Riverside joins partners to set out principles preventing people returning to the streets after COVID pandemic

Riverside has put their name to a letter signed by housing providers, homelessness organisations and sector leaders sent to Dame Louise Casey, who will be spearheading the Government’s taskforce into rough sleeping during the COVID pandemic.

The letter commends the government for leadership shown in the first phase of the pandemic to bring rough sleepers in doors, and the establishment of this taskforce to oversee what happens next. To ensure this prevents anyone returning the street, it recommends 7 principles by which we feel the taskforce should operate. 

These include rapidly mobilising to understand people’s needs, identifying housing-led interventions and making available the finance which can support the expansion in support, supply and sustainment of tenancies which will be needed.

Riverside will continue to work with the taskforce to make this a reality, and with our partners in the many local areas where we are operationally involved in the response to COVID-19 for people who are homeless.

Dear Dame Louise,

We are a group of social housing providers, homelessness service providers, local and national charities and trade bodies of social housing providers and housing professionals.

We appreciate and welcome the leadership shown by national government to bring rough sleepers indoors, as part of the Everybody In initiative.  Many of our members and partners have also been a key part of the massive effort made by local government to achieve that. This work has undoubtedly saved lives.

We are also encouraged to see the continuation of this commitment in the form of a new government taskforce to advise local authorities on supporting rough sleepers into long-term accommodation as lockdown begins to be lifted, and the recent funding announcements. We are confident that with you at the helm of this taskforce, real results will be seen for those rough sleepers who have been brought inside.

This commitment to securing long-term, post-lockdown housing solutions, accompanied by support and proportionate funding, is crucial to fulfilling the existing government objective to end rough sleeping.

We are keen to work with government, local authority partners and the newly formed taskforce to build on what has already been achieved collectively and make sure there are sustainable solutions for those currently accommodated and for those at risk of homelessness.

To make this a reality, we recommend the following as part of the plan to keep Everyone In and to end homelessness for all:

  1. Government should seize this opportunity and commit to no-one being returned to the street;
  2. National leadership is needed to encourage local cooperation. Local areas need the power and resource to support those currently accommodated and those coming into homelessness and build on the successful partnership working at local level;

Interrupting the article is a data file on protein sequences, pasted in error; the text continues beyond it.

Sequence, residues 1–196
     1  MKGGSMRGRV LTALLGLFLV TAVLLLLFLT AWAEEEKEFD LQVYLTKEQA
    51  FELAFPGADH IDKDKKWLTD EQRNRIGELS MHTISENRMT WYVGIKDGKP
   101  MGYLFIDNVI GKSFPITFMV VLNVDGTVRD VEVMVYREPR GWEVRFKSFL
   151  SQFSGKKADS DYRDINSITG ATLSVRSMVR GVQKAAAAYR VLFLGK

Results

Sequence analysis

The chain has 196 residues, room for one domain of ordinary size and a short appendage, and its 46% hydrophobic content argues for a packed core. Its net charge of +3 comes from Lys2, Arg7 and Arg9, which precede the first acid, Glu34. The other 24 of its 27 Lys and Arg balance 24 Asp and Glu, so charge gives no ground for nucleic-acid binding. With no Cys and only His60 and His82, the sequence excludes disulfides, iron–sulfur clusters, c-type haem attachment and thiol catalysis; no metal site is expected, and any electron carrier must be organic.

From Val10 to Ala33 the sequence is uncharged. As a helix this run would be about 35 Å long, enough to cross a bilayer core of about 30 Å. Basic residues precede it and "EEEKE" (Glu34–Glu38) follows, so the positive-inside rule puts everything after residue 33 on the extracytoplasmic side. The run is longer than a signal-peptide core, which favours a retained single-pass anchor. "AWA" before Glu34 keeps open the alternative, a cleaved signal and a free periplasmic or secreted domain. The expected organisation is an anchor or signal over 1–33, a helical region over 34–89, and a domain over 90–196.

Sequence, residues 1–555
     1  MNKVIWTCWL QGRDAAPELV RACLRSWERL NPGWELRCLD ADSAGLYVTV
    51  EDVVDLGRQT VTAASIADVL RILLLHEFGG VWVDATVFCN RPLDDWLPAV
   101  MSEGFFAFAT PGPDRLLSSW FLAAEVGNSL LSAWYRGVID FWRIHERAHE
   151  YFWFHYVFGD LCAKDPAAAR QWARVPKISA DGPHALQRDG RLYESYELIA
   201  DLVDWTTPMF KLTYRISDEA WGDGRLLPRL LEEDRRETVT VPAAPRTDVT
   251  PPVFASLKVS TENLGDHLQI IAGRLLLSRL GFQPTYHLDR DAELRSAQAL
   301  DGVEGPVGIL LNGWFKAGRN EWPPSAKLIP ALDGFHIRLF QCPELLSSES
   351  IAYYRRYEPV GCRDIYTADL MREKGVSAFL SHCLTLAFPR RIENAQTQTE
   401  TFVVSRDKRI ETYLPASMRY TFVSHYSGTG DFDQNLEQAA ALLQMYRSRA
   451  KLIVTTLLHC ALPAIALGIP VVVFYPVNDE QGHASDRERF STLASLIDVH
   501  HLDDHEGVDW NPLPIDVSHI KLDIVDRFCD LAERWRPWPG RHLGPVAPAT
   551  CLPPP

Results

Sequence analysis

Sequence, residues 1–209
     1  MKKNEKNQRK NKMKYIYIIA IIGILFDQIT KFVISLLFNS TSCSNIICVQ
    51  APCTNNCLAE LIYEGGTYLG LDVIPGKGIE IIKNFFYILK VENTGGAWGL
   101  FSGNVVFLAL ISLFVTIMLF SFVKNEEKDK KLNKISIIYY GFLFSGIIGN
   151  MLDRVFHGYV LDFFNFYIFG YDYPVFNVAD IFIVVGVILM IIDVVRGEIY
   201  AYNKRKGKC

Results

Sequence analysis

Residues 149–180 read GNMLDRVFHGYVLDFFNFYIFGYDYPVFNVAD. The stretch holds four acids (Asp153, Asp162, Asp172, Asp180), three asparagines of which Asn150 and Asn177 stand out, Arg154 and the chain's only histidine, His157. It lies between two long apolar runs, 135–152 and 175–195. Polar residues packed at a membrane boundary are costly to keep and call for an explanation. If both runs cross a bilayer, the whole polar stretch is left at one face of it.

3. We must understand everyone’s needs and what is a suitable move-on option for each one of them and we must act fast to ensure everyone is included;
  4. Interventions must be housing-led and efforts must be made to understand what housing is available and what can be procured to facilitate rehousing of those who have been homeless;
  5. This commitment needs specific, long-term, earmarked funding for support, transition, welfare and conversion/acquisition of homes. The housing and homelessness sector will need increased funding to be able to continue providing a service and to make homes available;
  6. There needs to be continued, funded provision and community-based solutions for those who usually come up against legal barriers, including those currently debarred from benefits because of their immigration status;
  7. The welfare system must work for everyone and cover the cost of rent and support.

It is essential that work also focuses on those people at risk of homelessness because of the crisis, such as people fleeing domestic abuse, those in rent arrears, young people, prison leavers and people leaving hospital. It should take into account households already in temporary accommodation, and the economic and social stimulus, including social housebuilding at sufficient levels – at least 90,000 units per year – needed to prevent homelessness long-term.

We are keen to work with government to make this a reality and are at your disposal to meet and discuss the critical work that needs to happen now and must continue into the future. This is the right thing to do and is economically beneficial. Together, we can end rough sleeping and tackle the wider forms of homelessness.

Yours sincerely,

Caritas Anchor House

Chartered Institute of Housing


Hightown Housing Association

Home Group

Homeless Link

Homes for Cathy

Look Ahead

National Federation of ALMOs

National Housing Federation

One Housing



Plus Dane Housing Association


Professor Suzanne Fitzpatrick


South Yorkshire Housing Association

St Mungo’s